Take Downs

White supremacists swap bomb-making tips; crowdsourcing to save Gothamist & DNAinfo clips; and more.


  • New York Attorney General Eric Schneiderman has introduced new legislation to close gaps in New York’s data security laws that expose New Yorkers to unnecessary risks, and hopefully curb data breaches.

  • White supremacists are sharing instructions on how to make bombs, grenades, mines, and other incendiary devices in online chats, A.C. Thompson and Ali Winston report for ProPublica. “It is unclear how seriously the documents shared in the chats were explored by any of Anticom’s members or followers, much less whether the documents were actually used to craft incendiary devices,” they write. “But the transcripts of the chats include racist talk and open mentions of mass killings.”

  • Tech companies’ practice of removing videos and images depicting violence is threatening cases against war criminals, Avi Asher-Schapiro reports for The Intercept.

  • Media matters: Journalists and others across the country expressed shock and horror at the news that DNAinfo and Gothamist (and LAist, Chicagoist, etc.) were suddenly shut down and their staffs laid off yesterday afternoon, just a week after the New York offices voted to unionize, Andy Newman and John Leland report for The New York Times.

  • Joe Ricketts, the billionaire owner who decided to close the companies, wrote a blog post in September titled “Why I’m Against Unions At Businesses I Create.”

  • The magic of crowdsourcing: Other websites have shut down and left the archives up online for posterity, but the Gothamist and DNAinfo websites were immediately wiped. Although a spokesperson for the companies told the Times that there are plans to return the archives to the internet in some form, some concerned citizens immediately started offering assistance to journalists afraid of losing their clips, sometimes representing years of work. Parker Higgins, who works at the Freedom of Press Foundation, offered to help journalists get PDFs of cached articles. Taking it a step further, Twitter users @turtlekiosk and @xn9q8h wrote a tool that retrieves articles from AMP caches. And Paul Ford created a massive Google doc with links to articles in the Internet Archive.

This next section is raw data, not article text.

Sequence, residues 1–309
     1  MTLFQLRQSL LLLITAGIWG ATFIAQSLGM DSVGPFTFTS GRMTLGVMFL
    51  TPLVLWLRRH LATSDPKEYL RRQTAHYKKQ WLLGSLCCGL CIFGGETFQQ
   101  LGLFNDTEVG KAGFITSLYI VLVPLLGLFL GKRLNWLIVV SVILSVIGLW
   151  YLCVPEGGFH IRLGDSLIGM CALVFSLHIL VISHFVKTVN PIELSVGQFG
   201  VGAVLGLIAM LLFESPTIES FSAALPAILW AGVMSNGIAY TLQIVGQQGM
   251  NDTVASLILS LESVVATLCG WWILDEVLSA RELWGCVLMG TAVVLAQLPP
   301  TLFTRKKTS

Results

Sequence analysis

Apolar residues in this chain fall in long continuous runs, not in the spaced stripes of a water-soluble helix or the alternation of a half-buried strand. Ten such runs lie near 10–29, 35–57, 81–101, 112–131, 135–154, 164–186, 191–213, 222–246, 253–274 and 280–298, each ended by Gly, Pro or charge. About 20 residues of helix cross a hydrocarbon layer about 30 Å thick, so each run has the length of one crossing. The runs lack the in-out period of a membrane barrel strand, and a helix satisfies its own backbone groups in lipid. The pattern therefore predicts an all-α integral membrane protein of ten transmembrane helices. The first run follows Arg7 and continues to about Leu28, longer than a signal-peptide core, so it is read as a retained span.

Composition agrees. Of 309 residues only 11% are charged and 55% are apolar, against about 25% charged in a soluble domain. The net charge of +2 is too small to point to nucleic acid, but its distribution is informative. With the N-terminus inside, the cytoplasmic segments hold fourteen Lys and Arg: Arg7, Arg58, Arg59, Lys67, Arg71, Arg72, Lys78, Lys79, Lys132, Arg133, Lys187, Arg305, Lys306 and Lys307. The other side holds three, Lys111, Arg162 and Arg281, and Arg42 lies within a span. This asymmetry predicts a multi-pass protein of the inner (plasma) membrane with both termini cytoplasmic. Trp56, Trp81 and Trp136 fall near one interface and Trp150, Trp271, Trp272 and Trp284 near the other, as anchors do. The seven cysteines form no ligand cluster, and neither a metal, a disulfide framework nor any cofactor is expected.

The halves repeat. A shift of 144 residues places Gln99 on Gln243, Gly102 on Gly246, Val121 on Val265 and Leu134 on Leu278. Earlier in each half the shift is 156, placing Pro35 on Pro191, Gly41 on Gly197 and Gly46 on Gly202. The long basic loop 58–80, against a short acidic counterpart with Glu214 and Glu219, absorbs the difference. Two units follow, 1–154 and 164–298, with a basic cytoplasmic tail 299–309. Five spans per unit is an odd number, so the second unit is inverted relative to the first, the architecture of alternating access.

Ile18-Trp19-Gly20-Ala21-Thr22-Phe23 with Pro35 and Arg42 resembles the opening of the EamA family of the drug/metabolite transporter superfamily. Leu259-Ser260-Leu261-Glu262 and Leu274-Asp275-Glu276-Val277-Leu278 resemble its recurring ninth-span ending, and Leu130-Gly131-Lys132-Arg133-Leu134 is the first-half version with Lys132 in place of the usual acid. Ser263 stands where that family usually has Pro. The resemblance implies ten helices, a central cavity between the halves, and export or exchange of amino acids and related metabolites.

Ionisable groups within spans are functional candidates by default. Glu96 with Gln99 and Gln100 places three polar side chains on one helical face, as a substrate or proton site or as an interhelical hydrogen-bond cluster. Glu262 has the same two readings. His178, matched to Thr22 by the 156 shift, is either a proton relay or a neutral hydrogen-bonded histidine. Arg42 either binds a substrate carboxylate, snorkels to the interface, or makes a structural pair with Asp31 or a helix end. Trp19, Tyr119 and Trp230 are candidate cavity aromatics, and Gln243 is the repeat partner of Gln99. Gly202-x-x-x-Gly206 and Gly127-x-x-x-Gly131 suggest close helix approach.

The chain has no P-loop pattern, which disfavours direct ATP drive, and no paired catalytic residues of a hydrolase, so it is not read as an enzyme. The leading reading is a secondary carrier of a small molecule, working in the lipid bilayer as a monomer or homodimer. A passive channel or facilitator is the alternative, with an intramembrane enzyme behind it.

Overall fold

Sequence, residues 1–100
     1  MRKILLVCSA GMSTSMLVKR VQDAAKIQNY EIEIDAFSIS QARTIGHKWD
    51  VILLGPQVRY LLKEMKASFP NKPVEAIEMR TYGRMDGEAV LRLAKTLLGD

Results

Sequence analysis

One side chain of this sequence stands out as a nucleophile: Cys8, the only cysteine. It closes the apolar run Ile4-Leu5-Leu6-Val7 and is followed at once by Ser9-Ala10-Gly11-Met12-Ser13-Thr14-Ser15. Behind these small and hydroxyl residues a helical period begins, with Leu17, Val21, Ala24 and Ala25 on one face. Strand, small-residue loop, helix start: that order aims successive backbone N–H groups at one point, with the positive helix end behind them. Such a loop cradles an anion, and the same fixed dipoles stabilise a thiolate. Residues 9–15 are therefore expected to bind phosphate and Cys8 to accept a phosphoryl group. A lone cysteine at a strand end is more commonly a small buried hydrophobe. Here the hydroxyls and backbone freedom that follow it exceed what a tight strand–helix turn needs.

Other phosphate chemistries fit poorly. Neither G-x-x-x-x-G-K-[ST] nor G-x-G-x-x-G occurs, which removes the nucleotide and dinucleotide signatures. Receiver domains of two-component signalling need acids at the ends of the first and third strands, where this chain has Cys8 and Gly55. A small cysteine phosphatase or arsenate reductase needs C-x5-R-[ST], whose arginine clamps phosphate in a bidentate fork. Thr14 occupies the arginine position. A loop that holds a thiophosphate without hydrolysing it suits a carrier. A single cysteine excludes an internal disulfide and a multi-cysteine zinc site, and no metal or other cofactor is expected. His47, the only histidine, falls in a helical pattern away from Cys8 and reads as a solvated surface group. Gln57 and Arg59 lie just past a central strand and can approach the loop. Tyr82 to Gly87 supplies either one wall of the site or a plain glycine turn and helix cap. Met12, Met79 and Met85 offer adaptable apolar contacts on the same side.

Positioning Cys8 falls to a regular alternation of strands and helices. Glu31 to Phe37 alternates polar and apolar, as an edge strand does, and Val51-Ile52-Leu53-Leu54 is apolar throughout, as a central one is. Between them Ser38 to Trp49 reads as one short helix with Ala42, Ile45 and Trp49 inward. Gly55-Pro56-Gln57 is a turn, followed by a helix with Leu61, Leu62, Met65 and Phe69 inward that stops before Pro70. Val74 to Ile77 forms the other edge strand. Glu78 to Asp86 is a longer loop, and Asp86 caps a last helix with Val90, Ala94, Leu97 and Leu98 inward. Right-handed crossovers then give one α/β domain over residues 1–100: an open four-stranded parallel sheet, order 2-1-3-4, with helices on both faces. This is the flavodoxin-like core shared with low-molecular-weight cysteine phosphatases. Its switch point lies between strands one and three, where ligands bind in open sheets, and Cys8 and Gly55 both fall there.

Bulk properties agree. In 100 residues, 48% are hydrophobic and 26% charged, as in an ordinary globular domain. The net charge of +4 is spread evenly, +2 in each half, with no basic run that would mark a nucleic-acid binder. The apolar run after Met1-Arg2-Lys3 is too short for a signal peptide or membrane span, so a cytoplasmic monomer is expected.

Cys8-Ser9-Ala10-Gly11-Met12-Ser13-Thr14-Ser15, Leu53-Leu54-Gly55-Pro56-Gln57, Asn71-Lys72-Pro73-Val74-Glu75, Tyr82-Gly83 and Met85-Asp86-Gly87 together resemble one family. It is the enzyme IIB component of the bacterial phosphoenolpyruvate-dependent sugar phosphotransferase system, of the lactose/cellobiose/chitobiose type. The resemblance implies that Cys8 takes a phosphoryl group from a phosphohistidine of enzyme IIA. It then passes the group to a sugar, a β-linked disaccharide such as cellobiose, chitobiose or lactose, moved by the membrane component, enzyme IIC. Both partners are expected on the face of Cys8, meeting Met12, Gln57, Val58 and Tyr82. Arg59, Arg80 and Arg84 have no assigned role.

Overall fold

• Claire Wardle and Hossein Derakhshan share 35 suggestions on how to respond to information disorder campaigns, with recommendations for technology companies, media companies, government, civil society, education ministries, and foundations.

  • Jenna Abrams’ tweets on pop culture, current events, and politics have appeared in more than 30 news outlets, from InfoWars to The New York Times, but the “straight-talking, no-nonsense, viral-tweet-writing young American woman” was an invention of the Russian Internet Research Agency, Ben Collins and Joseph Cox report for The Daily Beast. “While the the typical image of a Russian troll may be a hastily put together Twitter account blaring out non-stop political messages, Abrams’ account went to great lengths to simulate a real, American person who existed outside of Twitter fights and amplifying racist disinformation,” Collins and Cox write. “Her Twitter account was created back in 2014. She had a personal website, a Medium page, her own Gmail, and even a GoFundMe page.”

    Many of the articles that featured the thoughts of Ms. Abrams were frankly quite dumb. One was a BBC roundup on “to shave or not to shave” your armpits in which “Jenna Abrams” expressed the opinion “this is simple hygiene”; one was a roundup of the 15 funniest tweets of the week. They served to boost her credibility. Can we have a moratorium on this kind of “journalism,” please?

  • The Atlantic’s Alexis Madrigal cut through the throat-clearing to explain the 15 new facts gleaned from the testimony of tech companies in Congressional hearings this week. One number I had missed: 3.3 million Americans followed one of the Russian Facebook pages.

  • ICYMI—although you probably didn’t—a customer support employee at Twitter shut down @realDonaldTrump’s Twitter account yesterday on the employee’s last day of work, Claudia Koerner and Charlie Warzel report for BuzzFeed. The break lasted just 11 minutes. A former Twitter employee told BuzzFeed Twitter knew that its suspension permissions could be abused but didn’t do anything to fix it, like enable two-person authentication for verified or especially prominent accounts.

  • Event organizers, take note: Tiffani Bell, the founder of The Human Utility, took to Twitter to complain about the casual racism she experiences at tech conferences in San Francisco, even those she has been invited to as a speaker. “Stopping someone and asking them for their badge and where they’re going as *they’re on the way to the registration table* is a bit much,” she writes. “I know, I know. There’s only about 5 black folks you’re used to seeing at anything, but if we walk in, 99.999% chance we’re supposed to.”

  • Food for thought: Chayenne Polimedio writes for New America Weekly about the decline of church and our “third place” and what we have lost as individuals and as a society.

  • Job opportunity: Brave New Films is looking for a programs director. Learn more here.